Hi. I notice that I have been losing hair ever since I started my college life. It might be the stress from school, and/or the bad sleeping habit I have developed. I tend to sleep very late, and sometime also very little, and I also love to use my phone to watch youtube videos until both my body and mind grow tired and then I would fall asleep. Beside this, I have a very "active" sex life since my college life so I don't know if that plays a part in my hair loss issue. I have now graduated and want to change all the above mentioned lifestyles I have with the hope that my hair will regrow back to how it was 4 years ago before I started college. Please let me know what else I can do to fasten this process. Thank you.

15th August, 2017 at 10:57 am

Sarah Belgravia

Hi Tom, please find a response to your queries, here.

27th August, 2017 at 10:56 pm

Kim Crawford

Hello, I have trigeminal neuralgia and for past year and half, I had been on meds that did work and now do not so after a month time, I weaned off them. I noticed during year and now, alot of stress and now I am off meds I am not sleeping so well but am afraid to go back on meds and more stress on body & brain. I sleep only 2-5 hours a nite, very broken, and overall volume of hair has thinned but not alot of noticable shedding. Hairdresser said scalp looks OK. Also I wasnt eating well before either on meds and from neuralgia. How can I tell if my hair is going to continue or if it is stopped, how can I restore thickness and volume? I still have neuralgia so steess not gone, but am more stressed cuz sleep is hard even when I am tired and I want to get my hair volume back. Please how can I know if I have a diffuse thinning or not, and will this stop? I live in Canada. Thank you.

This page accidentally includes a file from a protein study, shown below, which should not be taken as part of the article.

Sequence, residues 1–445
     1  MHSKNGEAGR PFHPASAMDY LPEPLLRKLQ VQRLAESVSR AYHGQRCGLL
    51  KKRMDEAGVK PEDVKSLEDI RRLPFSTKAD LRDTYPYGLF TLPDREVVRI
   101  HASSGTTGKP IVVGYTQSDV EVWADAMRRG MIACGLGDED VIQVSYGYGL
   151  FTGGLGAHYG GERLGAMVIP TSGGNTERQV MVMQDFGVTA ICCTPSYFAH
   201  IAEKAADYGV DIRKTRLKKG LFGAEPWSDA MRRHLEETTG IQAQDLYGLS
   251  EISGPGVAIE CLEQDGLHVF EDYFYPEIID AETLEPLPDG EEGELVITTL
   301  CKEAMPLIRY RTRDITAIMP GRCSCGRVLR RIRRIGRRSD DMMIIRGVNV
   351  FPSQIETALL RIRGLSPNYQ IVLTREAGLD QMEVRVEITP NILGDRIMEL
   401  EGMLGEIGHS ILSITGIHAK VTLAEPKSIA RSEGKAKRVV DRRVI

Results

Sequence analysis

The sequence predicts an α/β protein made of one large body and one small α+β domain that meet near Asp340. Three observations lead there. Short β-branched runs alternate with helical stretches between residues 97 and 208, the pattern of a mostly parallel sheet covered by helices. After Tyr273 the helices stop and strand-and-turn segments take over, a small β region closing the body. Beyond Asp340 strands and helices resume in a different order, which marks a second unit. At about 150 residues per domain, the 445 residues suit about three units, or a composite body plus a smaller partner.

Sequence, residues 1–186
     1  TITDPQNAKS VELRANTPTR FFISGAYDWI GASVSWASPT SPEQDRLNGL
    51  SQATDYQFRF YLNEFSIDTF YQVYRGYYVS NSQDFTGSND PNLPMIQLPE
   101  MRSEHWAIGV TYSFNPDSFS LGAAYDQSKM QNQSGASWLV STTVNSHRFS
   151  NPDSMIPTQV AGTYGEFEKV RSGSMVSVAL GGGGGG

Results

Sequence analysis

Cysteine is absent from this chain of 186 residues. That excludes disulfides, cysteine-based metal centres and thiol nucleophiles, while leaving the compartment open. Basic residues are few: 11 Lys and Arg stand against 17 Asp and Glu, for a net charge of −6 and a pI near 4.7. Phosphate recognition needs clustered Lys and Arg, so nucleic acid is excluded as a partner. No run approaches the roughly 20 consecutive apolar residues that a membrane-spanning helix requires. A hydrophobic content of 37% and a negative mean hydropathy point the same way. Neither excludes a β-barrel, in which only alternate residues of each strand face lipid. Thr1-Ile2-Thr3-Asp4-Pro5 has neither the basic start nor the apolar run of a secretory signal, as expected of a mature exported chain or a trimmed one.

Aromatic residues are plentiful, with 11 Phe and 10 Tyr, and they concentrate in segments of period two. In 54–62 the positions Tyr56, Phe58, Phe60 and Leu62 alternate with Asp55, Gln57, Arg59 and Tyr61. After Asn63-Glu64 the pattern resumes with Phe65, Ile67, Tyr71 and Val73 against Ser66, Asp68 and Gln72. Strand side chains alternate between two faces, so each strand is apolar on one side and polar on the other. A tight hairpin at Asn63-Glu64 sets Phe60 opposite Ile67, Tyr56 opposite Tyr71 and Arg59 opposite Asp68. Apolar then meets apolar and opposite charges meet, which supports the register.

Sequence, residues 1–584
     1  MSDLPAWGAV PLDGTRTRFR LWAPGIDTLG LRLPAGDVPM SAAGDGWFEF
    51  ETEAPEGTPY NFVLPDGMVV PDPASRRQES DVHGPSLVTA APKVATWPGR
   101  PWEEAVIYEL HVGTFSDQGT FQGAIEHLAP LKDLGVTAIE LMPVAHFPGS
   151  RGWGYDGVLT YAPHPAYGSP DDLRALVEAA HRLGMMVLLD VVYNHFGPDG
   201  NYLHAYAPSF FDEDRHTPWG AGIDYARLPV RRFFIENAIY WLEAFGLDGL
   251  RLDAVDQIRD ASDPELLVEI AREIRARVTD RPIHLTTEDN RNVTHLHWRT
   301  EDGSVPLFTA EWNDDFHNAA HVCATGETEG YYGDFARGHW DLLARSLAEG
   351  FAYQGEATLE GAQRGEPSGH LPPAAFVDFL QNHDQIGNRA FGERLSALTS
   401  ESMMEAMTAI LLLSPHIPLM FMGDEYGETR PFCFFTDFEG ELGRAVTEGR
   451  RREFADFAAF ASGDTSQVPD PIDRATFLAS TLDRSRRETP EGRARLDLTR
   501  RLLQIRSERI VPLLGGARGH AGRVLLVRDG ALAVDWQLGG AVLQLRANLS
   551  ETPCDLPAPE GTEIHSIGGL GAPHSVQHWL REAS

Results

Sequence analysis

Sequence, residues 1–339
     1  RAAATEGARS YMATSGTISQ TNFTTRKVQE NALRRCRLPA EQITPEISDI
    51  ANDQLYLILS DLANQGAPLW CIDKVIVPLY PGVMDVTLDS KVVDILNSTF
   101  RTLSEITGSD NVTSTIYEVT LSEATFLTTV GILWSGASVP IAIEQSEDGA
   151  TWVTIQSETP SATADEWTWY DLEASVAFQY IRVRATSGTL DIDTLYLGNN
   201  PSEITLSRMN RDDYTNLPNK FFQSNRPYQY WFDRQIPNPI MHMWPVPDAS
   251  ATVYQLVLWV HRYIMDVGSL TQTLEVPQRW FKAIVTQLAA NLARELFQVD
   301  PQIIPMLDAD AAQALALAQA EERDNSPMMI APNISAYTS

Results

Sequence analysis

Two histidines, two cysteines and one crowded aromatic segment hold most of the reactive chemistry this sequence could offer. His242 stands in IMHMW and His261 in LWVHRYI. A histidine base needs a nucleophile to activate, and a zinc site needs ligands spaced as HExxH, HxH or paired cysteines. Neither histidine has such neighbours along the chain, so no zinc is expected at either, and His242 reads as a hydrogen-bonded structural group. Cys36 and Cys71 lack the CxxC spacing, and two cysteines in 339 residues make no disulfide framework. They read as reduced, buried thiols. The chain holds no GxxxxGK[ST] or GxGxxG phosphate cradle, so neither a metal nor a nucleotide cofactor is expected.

29th August, 2017 at 10:45 am

Sarah Belgravia

Hi Kim, as this is a very specific issue, we would ask that you please complete an Online Consultation form so that we can get a bit more information in order to give you the best advice possible for your situation.

25th December, 2017 at 6:23 pm


Hi! I have experienced hair fall since I was in college. My hair became brittle and weak. I have not had a proper sleep ever since and I have been taking a drug named isotretinoin for almost 1 1/2 year (two courses). My hair fall stopped when I was in my sophomore year and then it went back last November. I suspect also that it may have been caused by emotional stress because of the recent events that happened. I went to my dermatologist and she told me that I have androgenetic alopecia but looking at my aunts (both mother and father side) they don’t have androgenetic alopecia. Is it possible that I am just experiencing chronic telogen effluvium? Hoping for your response. Thank you!